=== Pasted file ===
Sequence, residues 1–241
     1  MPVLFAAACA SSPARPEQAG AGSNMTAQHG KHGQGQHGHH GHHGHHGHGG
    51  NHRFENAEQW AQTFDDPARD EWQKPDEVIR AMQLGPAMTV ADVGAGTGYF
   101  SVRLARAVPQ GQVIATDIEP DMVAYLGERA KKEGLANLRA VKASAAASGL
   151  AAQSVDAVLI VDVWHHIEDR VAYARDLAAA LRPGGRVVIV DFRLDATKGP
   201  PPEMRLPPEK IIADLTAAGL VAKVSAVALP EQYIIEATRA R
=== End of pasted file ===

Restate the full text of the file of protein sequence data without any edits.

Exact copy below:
Sequence, residues 1–241
     1  MPVLFAAACA SSPARPEQAG AGSNMTAQHG KHGQGQHGHH GHHGHHGHGG
    51  NHRFENAEQW AQTFDDPARD EWQKPDEVIR AMQLGPAMTV ADVGAGTGYF
   101  SVRLARAVPQ GQVIATDIEP DMVAYLGERA KKEGLANLRA VKASAAASGL
   151  AAQSVDAVLI VDVWHHIEDR VAYARDLAAA LRPGGRVVIV DFRLDATKGP
   201  PPEMRLPPEK IIADLTAAGL VAKVSAVALP EQYIIEATRA R